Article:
The Buddhist teacher Pema Chodron advises us to cultivate curiosity, to promote loving kindness in ourselves so that we extend it to others. Even to strangers, which is why I smile or say hello to the most disheveled people walking my way.
All my life I’ve tried to find common ground with those I disagree with. I’m getting better at it. Finally. We all have our stereotypes. I used to really dislike Southerners.
Moving from my urban apartment to Marc’s house in lovely Linden Hills, selling most of my furniture, has been instructive. I didn’t know who would show up. People fascinate me.
In comes young, friendly Architect Guy to buy my orange chair for his modern living room. We get talking, like I always do.
He’s a Minnesota native. “I used to believe in all that good humanitarian stuff but LA did me in. I lived in MacArthur Park,” he tells me. “I had a gun put to my head. There were gangs all around.”
Happy with the orange chair, he cheerfully asks, “Got anything else to sell?”
Carrying an old wooden desk out to his car together, we get deeper into conversation. “I used to be a Democrat. Now I’m a Republican.”
“Oh no, you can’t be a Trumper!” I retort.
“I’m a Republican, I said. Yeah, he’s loony but I care about inflation now. And the price of gas.”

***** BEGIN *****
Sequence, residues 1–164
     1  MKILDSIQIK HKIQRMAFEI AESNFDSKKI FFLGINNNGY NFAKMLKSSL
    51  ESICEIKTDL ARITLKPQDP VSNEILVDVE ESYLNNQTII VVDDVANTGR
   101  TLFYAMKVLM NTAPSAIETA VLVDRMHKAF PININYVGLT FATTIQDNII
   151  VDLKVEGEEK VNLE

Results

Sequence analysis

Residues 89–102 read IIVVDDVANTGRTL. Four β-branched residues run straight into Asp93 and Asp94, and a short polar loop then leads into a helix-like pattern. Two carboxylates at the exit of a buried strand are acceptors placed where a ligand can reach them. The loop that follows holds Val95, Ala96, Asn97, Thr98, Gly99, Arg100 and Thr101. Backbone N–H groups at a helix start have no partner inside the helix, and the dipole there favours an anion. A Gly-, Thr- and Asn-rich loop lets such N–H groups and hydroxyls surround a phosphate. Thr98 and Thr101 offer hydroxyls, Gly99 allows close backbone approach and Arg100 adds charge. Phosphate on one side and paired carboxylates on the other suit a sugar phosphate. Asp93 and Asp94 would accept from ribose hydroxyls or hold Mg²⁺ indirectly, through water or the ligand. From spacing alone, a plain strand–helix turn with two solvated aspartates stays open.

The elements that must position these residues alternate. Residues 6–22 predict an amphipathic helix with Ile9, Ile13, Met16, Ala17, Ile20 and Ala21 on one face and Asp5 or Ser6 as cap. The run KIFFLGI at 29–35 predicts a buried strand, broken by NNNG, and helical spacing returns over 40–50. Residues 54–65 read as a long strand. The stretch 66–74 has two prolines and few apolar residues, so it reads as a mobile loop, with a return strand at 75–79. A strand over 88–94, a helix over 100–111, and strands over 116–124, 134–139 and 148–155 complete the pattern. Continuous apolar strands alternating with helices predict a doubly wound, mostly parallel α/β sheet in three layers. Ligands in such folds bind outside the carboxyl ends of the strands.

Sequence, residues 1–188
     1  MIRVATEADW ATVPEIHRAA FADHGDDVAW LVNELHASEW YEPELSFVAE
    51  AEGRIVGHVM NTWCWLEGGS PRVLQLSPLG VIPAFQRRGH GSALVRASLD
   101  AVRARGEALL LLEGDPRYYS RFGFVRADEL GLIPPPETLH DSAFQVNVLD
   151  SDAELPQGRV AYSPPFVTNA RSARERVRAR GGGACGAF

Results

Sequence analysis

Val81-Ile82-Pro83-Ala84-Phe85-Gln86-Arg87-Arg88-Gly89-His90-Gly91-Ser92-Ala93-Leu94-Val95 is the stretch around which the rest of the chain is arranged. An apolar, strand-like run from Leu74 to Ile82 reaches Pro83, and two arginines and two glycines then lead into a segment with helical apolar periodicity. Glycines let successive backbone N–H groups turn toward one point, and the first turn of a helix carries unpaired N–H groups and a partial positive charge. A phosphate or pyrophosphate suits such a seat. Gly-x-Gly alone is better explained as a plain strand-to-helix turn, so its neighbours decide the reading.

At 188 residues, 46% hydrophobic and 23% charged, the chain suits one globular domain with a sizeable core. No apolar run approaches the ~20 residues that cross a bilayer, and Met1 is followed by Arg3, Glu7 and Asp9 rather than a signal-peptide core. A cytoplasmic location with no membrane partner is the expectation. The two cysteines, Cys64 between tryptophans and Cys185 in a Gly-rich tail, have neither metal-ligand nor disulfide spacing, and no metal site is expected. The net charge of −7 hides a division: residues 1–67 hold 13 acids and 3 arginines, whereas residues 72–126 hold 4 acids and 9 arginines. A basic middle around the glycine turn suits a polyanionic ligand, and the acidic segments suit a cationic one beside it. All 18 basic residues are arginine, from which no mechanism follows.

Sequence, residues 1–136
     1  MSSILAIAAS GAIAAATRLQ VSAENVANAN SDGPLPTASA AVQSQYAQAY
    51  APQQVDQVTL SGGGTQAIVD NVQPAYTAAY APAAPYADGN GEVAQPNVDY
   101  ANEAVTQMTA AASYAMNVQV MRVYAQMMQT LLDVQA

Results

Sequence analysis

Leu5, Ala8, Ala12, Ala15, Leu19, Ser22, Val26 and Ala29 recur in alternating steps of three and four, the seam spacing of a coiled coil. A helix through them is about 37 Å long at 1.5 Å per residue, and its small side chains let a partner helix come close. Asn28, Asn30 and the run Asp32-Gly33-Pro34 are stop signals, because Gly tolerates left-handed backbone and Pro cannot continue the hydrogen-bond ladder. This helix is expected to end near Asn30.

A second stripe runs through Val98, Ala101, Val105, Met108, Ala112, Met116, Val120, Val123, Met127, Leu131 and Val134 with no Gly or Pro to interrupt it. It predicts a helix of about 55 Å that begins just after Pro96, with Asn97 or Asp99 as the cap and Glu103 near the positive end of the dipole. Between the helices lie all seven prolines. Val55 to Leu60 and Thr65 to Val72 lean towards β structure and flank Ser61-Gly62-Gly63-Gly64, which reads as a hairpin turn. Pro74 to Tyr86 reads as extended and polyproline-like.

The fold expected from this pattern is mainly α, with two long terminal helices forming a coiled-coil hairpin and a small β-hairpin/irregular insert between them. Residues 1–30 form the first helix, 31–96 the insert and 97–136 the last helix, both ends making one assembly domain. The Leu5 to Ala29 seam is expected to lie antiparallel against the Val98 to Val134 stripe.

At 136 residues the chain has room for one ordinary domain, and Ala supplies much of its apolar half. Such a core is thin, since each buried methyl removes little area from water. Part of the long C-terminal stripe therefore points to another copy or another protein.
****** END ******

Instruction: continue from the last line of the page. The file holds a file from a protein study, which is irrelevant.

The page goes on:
First I try to make sense to him, calling out the mafioso, truly insane crook that Trump is.
As I help Architect Guy lift the desk into his car I realize, He’s made his decision. There’s no use trying to convince him otherwise. Let him be, Sheila.
He hands me a $100 bill from his glove compartment.
At first, Architect guy doesn’t think the desk will fit into his car. I’m optimistic. I take pride in knowing that I’m right. I keep that to myself.
I think of him when a young Hispanic couple comes to pick up my free futon. The woman, who was bigger than her scrawny guy, is wearing blue scrubs.
“Are you a doctor?” I ask. “No, I’m a med tech,” she replies. I imagine my question making her feel good. She takes charge of unscrewing the futon parts, directing Scrawny Guy’s use of his Allen wrench, and the futon’s welcome removal from my apartment. Her guy’s humongous shiny shorts, nearly falling down to expose his ass, reminded me of my stereotype of those LA gang members Architect Guy abhors.
Scrawny Guy is also wearing a backwards baseball cap, a sure sign that he was a drug dealer (what my U.S. History teacher replacement at Mt.Desert Island High School told the kids back in 1990).
“Now we’ll have a place for Teresa and Matt to sleep when they visit this weekend,” says the woman excitedly.
“Yeah, let’s put it in the living room. It’s so nice,” responds Scrawny Guy. “Thank you so much!” he turns away from his girlfriend, hurling a big smile my way.
And, there you have it.